Q: What do you feel garage means to bass music?

 

Movement: Garage is to bass music what jungle is to drum n bass, its musical ancestor. Both genres are now shadowed by their descendants, but as a member of both these scenes, it’s a nice feeling because a lot of bass music producers do know their history with garage and show love to it. Sammy Vriji’s remix of Tina Moore’s “Never Let You Go” was so good because it was a huge nod to garage, but has that fresh, modern sound. I think garage fans don’t mind that it’s not as much in the limelight anymore, as it allows producers to experiment more and create their own new sounds without pursuing commercial success.

 

Q: Who are the garage artists that you currently feel are leading the way (other than yourself?)

 

Movement: Thanks for the compliment but I don’t even think that! But anyway, my favourite garage artists who are really pushing things forward are the big guns like Conducta who hasn’t watered down any of his work, MOAD because he’s just a fantastic producer both with rhythm AND sound design. This is a good opportunity however to showcase some lesser known producers who are pushing the sound forward, like Earthnut, Harrta and Gru Var, who are all making unbelievably high quality garage. Seriously, remember those names for the future of UKG.

 

Q: From your catalogue, it’s clear that garage isn’t everything for you, what else would you say inspires you heavily genre wise?

 

Movement: Yes that’s very true. My two biggest influences are jungle and UK style techno. Jungle has always been a part of my life since I accidentally downloaded a jungle album when I was 13 (I thought it was gonna be reggae). Jungle taps into my love of crazy rhythms. Through that I discovered Goldie, and his label Metalheadz, which completely changed the way I approach writing and producing music. I used to find it very difficult to use atmospheric production with bass heavy drops, but this style of jungle gave me the confidence to try it, and I think my recent unreleased jungle stuff is up there with some of the best stuff I’ve ever done (not to blow my own horn).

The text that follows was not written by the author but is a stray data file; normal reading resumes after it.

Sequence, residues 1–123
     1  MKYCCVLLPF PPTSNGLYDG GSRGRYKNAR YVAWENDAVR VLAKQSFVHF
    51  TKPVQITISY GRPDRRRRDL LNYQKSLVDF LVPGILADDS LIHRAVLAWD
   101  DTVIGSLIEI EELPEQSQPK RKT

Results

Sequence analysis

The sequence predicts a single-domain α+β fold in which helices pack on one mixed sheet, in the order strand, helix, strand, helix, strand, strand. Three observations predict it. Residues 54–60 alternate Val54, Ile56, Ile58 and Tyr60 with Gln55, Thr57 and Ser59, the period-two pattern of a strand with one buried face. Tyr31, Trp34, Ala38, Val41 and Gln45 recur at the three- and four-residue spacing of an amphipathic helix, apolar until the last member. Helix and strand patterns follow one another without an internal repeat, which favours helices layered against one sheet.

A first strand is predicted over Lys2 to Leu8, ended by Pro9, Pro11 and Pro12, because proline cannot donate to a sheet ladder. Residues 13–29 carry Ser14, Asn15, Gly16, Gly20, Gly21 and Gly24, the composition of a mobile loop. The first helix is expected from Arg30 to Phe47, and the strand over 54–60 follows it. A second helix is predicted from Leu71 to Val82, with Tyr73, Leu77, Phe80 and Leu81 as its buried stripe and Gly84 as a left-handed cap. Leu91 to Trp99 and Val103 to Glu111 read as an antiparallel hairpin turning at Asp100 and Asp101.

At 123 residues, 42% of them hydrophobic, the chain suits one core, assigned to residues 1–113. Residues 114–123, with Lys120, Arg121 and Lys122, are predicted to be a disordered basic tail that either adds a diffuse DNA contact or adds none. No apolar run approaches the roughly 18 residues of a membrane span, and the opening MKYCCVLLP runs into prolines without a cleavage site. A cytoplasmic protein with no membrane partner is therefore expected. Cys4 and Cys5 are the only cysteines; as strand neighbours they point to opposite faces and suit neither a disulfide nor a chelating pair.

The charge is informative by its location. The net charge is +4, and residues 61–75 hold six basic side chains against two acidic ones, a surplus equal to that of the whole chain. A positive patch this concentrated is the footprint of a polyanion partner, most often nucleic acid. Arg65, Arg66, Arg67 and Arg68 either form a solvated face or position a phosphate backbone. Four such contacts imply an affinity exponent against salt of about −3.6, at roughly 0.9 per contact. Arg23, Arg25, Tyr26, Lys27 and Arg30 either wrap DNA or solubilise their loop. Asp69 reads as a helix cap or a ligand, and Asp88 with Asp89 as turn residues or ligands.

When it comes to techno, I was always very dismissive of it (mainly because of its incredibly annoying and pretentious fanbase). But once I filtered out the boring ultra minimal stuff, I discovered so much good UK techno music, from the likes of people like Akkord, Throwing Snow and Nuvaman, labels like Jelly Bean Farm and Circular Jaw and Hessle Audio which all put out incredible music regularly. Techno also made me want to try my hand at sound design more, and although my sound design is still pretty basic, it’s definitely got better through my exposure to techno and its weird sounds.

Q: Release wise, what do we have coming up to look forward to from yourself?

 

Movement: My most exciting release is coming on Southpoint in October, which is my nod to classic UKG sounds whilst using updated production, and I can’t wait to see what people think of it. I’ve also got a Jungle EP coming out on Boomsha in autumn which i’m excited about too.

 

Q: Any shout outs before we let you go?

 

Movement: Shoutout to my Tropicale boys, Marko (Baloo) and Rikki (RVB), my Dissident Sound co-founder Adam (Blends) and everyone who’s supported us. Shouts to the Southpoint crew as well because they’re pretty much the only reason I’m able to release music!

You can catch Movement on the following platforms:

Soundcloud / Facebook / Twitter

Words: KXVU